Bug #164

mod_proxy and mod_rewrite inside the same URL conditional?

Added by Anonymous about 15 years ago. Updated over 2 years ago.

Target version:


$HTTP["url"] =~ "^/projects/cs(.*)" {
    url.rewrite = ("^/projects/cs(.*)" => "$1")
    proxy.server = ("/" => (( "host" => "", "port" => 9090 )))

In the case of a conditional, as above, the request is proxied but is never rewritten.

url.rewrite = ("^/projects/cs(.*)" => "$1")
proxy.server = ("/" => (( "host" => "", "port" => 9090 )))

In this case (no conditional), the request is rewritten and then proxied, as expected.

-- lighttpd


lighttpd-mod-rewrite-host-test.patch (2.82 KB) lighttpd-mod-rewrite-host-test.patch "url.rewrite" is deprecated: use url.rewrite-once instead conny, 2006-02-09 11:37

Updated by jan about 15 years ago

  • Status changed from New to Assigned

Updated by Anonymous over 14 years ago

I'm having this problem too. See

-- ryan at art of mission dot com


Updated by conny over 14 years ago

I created a pair of extra testcases for "url.rewrite inside $HOST[]".


Updated by conny over 14 years ago

But wait a moment... The first case described in the ticket is a bit odd nevertheless:

You rewrite "!^/projects/csFOO" to "/FOO", after which there are two possible outcomes:

  1. After the rewrite we're "back at the start" so to say: the consecutive pass does NOT match the $HOSTurl specified ("/FOO" !~ ""!^/projects/cs(.*)" and therefore handled by the outside context instead (not proxied).
  1. Proxied requests are always handled directly after rewrites. So in this case "/FOO/" is proxied to ""

The current documentation does not specify which case is supposed to happen.


Updated by conny over 14 years ago

With neither clear documentation nor a test unit for mod_proxy available at the moment: just stick to the alternative without conditionals.

It is really confusing to say in effect "for stuff matching /FOO: proxy everything to that matches /*everything*". Huh?!


Updated by Anonymous about 14 years ago

re: using the alternative without conditionals, there is value in doing it the first way.

Say I want to serve normal html pages but all requests to /myappserver need to be redirected.

Now say that the app server wants a clean URL, e.g. instead of /myappserver/foo going to the app server it's /foo.

In apache this functionality is achieved by

RewriteRule ^myappserver/(.*)$  http://localhost:2323/$1 [P]

There are work arounds but it would be nice to map urls cleanly.

-- weeksie


Updated by jan about 13 years ago

  • Status changed from Assigned to Fixed
  • Resolution set to fixed

such rewrites are supported by mod-proxy-core in 1.5.0 with proxy-core.rewrite-request.


Updated by cstefkivoila over 11 years ago

jan wrote:

such rewrites are supported by mod-proxy-core in 1.5.0 with proxy-core.rewrite-request.


I have the same problem than above.
Indeed, I want to achieve the following Apache line with lighttpd:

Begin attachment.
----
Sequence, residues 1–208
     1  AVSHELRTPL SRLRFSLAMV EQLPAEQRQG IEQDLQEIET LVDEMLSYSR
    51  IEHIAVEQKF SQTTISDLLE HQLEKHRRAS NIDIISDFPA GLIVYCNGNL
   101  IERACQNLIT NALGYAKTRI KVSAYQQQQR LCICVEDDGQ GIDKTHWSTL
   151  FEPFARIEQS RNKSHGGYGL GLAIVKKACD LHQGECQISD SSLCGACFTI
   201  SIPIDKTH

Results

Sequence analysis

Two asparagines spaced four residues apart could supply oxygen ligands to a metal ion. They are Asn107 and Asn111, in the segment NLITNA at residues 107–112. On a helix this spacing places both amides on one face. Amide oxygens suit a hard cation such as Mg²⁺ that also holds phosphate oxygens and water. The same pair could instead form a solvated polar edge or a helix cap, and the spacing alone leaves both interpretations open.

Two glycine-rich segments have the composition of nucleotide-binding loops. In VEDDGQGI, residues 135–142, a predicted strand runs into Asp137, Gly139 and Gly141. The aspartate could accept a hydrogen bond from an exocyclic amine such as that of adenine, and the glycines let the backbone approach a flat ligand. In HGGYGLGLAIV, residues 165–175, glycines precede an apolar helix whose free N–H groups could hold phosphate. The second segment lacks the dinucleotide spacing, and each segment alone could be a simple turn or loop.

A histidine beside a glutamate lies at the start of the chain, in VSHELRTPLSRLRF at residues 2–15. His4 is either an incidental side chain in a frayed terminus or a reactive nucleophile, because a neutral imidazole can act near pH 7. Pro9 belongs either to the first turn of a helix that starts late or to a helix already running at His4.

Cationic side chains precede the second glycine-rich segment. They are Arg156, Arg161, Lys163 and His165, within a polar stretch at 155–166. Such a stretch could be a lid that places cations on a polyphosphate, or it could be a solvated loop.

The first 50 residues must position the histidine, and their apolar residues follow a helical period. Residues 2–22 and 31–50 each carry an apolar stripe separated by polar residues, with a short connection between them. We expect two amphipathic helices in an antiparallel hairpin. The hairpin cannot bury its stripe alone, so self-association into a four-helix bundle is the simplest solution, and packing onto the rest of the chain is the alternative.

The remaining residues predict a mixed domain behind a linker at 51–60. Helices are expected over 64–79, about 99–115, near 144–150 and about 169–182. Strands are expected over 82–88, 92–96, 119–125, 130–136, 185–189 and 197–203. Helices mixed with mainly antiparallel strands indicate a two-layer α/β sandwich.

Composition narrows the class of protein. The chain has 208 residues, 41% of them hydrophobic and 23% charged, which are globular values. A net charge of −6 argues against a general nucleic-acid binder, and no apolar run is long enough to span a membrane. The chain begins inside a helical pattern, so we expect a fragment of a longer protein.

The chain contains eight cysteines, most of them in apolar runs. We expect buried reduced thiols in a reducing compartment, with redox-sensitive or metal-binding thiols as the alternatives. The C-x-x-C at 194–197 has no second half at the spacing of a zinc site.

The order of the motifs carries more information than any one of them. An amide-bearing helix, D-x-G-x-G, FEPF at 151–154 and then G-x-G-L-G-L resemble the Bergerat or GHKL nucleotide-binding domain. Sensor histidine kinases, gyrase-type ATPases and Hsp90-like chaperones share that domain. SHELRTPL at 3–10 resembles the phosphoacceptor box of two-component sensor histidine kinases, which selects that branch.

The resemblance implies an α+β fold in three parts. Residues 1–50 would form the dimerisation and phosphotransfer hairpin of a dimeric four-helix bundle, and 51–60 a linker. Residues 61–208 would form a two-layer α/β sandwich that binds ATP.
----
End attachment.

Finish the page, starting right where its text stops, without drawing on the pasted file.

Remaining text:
RewriteRule ^myappserver/(.*)$ http://localhost:2323/$1 [P]

I am currently using lighttpd 1.4.20 on a DNS-323.
It is technically difficult to upgrade my lighttpd to the 1.5.0 release.
So my question is:
"Is there a work around of this problem for a 1.4 release of lighttpd?"

Thanks in advance for your help!


Updated by stefan over 8 years ago


here is a workaroud I used to map an web-application on http://localhost:8008/ (its contextroot wasn't changable by configuration)
to http://webserver/myapp. The idea behind this was to do the proxying and URL rewriting inside a separate lighttpd-instance
listening on a port not being port 80 (here: port 81). This separate instance is then accessed by a lighttpd instance listening on port 80 and using
mod_proxy. Here is the config I used:

# Part for proxy listening on port 80
$HTTP["url"] =~ "(^/webapp/)" {
  proxy.server  = ( "" => (
    "webapp:80" => # name
      ( "host" => "",
        "port" => 81

# Part for proxy listening on port 81
$SERVER["socket"] == ":81" {
  url.rewrite-once = ( "^/webapp/(.*)$" => "/$1" )
  proxy.server  = ( "" => (
    "webapp:81" => # name
      ( "host" => "",
        "port" => 8008

Hope this helps someone.


Updated by flynn almost 4 years ago

Although I used this "double" proxy solution for many years, I searched for better solution.

Here is my new approach with lua/mod_magnet:

$HTTP["url"] =~ "^/webapp/" {
  magnet.attract-raw-url-to = ( "/etc/lighttpd/lua/webapp.lua" )
  proxy.server = ( "" => ("webapp" => ("host" => "", "port" => 8008)))

and /etc/lighttpd/lua/webapp.lua:

lighty.env["request.uri"] = string.sub(lighty.env["request.uri"], string.len('/webapp/'))

This is very close to the original request ...


Updated by gstrauss over 2 years ago

  • Description updated (diff)

FYI: lighttpd 1.4.46 introduces proxy.header which performs limited URL-prefix rewriting. More info at Docs_ModProxy

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